I recently received a handwritten letter—when’s the last time you have seen one of those?—from an appreciative chaplain who had read a devotional I wrote earlier this year. That article had been published in a magazine with a readership of over 100,000, which leads me to believe that others probably appreciated it as well but just didn’t write to me about it. Most people don’t, and I never expect them to.
Which made this one so heartwarming. As in, real warm feelings flushing through my veins, warm fuzzies floating all around me. Cue the “Awwww!” sound. How humbling that someone took time to write out a two-page letter—during a cross-country move, I learned—just to say thanks and let me know how my words impacted his life. This one is going in my “rock pile file”—the folder where I keep mementos of encouragement (a reference to the Old Testament rock piles that marked special events in the history of Israel).
Have you ever received such an encouragement? Even better, have you ever sent such a note? Emails, cards, and handwritten letters are tangible proofs that you have made a positive difference in someone’s life. And when written by you, they show others that you appreciate the good they have done in your life.
Tis the season for thanksgiving. I enjoy reading Facebook posts from friends who count down 30 days of thankfulness, often naming specific people and why they are thankful for them. Public affirmation can be a source of true encouragement: “Let another praise you, and not your own mouth; a stranger, and not your own lips” (Proverbs 27:2).
The apostle Paul is an excellent role model in the area of giving thanks, of showing appreciation for others. He began or ended most of his letters to the churches with specific commendations and gratitude to people who had helped him:
- Romans 16:1, 3–4 “I commend to you our sister Phoebe . . . Greet Prisca and Aquila, my fellow workers in Christ Jesus, who risked their necks for my life, to whom not only I give thanks but all the churches of the Gentiles give thanks as well.”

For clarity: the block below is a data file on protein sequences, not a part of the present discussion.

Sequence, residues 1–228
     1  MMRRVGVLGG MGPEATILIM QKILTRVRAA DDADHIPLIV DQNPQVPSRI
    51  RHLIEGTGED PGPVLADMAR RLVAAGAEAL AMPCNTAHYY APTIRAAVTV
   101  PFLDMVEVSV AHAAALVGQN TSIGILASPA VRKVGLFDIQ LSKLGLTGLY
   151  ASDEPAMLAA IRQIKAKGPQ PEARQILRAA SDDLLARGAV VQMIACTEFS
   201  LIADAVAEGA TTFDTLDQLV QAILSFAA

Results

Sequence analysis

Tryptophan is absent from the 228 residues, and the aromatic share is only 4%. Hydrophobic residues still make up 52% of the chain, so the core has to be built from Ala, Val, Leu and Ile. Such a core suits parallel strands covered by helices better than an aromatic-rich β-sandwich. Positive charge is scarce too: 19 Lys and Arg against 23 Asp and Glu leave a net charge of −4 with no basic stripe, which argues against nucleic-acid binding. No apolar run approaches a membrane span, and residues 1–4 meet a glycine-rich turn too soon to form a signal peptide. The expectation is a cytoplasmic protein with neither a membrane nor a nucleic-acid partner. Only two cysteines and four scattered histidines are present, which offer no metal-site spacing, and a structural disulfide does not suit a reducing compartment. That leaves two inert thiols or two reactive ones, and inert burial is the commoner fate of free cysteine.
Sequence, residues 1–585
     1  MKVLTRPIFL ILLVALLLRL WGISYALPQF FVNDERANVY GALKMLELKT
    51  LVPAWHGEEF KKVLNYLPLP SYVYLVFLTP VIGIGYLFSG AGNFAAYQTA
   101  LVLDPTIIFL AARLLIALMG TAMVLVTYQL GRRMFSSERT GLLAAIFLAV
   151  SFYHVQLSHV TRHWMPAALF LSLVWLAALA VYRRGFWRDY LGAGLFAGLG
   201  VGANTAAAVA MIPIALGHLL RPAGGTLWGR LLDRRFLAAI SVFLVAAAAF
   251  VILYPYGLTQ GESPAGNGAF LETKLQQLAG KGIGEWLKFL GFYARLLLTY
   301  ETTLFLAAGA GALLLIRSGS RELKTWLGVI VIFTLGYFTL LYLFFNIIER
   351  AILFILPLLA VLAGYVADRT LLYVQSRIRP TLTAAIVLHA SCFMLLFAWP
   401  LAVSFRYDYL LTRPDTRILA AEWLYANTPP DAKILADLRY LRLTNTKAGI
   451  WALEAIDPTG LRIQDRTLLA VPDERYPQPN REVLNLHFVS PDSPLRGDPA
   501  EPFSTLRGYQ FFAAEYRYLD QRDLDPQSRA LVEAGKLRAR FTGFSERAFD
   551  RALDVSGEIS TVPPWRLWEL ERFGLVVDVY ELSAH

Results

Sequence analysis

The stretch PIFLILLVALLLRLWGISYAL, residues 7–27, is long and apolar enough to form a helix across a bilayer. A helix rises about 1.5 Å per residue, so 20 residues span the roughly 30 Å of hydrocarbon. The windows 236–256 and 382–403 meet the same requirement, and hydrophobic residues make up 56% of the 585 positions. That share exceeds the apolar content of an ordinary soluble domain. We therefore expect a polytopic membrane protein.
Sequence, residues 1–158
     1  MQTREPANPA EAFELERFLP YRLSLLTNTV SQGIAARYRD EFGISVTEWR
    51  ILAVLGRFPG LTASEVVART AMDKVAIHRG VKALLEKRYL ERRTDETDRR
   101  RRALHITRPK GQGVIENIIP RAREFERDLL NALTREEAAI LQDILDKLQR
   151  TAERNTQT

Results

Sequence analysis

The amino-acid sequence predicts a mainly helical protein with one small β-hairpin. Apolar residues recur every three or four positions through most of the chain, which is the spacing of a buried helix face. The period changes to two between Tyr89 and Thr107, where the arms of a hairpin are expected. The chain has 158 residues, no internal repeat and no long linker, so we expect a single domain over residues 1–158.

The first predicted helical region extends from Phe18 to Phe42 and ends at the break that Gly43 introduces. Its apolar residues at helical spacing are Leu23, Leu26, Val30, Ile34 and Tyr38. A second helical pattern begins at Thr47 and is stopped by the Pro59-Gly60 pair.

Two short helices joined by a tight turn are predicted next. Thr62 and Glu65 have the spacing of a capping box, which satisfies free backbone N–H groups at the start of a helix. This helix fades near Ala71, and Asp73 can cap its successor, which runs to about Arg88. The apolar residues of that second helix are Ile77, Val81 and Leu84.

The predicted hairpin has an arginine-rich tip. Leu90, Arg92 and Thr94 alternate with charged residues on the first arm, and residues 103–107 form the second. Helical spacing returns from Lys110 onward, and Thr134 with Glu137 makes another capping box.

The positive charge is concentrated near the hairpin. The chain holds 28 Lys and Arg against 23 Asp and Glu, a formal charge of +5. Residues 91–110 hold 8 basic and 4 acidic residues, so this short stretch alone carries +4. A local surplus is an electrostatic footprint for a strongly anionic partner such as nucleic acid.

- 1 Corinthians 16:17–18 “I rejoice at the coming of Stephanas and Fortunatus and Achaicus . . . for they refreshed my spirit as well as yours. Give recognition to such people.”
- Philippians The entire letter is an ode of thanksgiving to that church for its partnership in the gospel mission with Paul.
- Colossians 4:7–8 “Tychicus will tell you all about my activities. He is a beloved brother and faithful minister and fellow servant in the Lord. I have sent him to you for this very purpose, that you may know how we are and that he may encourage your hearts. . . ”
- 1 Thessalonians 1:2–3 “We give thanks to God always for all of you, constantly mentioning you in our prayers, remembering before our God and Father your work of faith and labor of love and steadfastness of hope in our Lord Jesus Christ.”
- 2 Thessalonians 1:3–4 “We ought always to give thanks to God for you, brothers, as is right, because your faith is growing abundantly, and the love of every one of you for one another is increasing. Therefore we ourselves boast about you in the churches of God for your steadfastness and faith in all your persecutions and in the afflictions that you are enduring.”
So how can you get on the thankful train? All it takes are words, and perhaps a few gestures.
Write a note: With a pen, preferably, on paper or in a card that goes into an envelope with a stamp on it. Handwritten words are among the most meaningful. Don’t worry about knowing the margin rules. Just make it legible and heartfelt.
Email: Sometimes the stamps aren’t available, but the computer is. What’s important is writing out your thoughts and getting them to that person.
Social media: Photos, memes, “Days of Thankfulness” posts … get creative with your public affirmation. Don’t out anyone’s secrets, but show your love and appreciation in a way that will bless the recipient.
Face-to-face: The spoken word has power for good and for evil. In this case, telling someone in person—even better, with witnesses—why you are grateful for him or her can have lasting impact on your relationship and on the person’s long-term future. “I love you and I am thankful for you because . . .” can reverberate in a person’s memory for a lifetime. Who can you bless with words like that today?
“A word fitly spoken is like apples of gold in a setting of silver” (Proverbs 25:11). I’m inspired by the letter I received to make someone else feel appreciated through my words. Who is that person in your life? Grab a pen, and add another stone of encouragement to someone’s rock pile.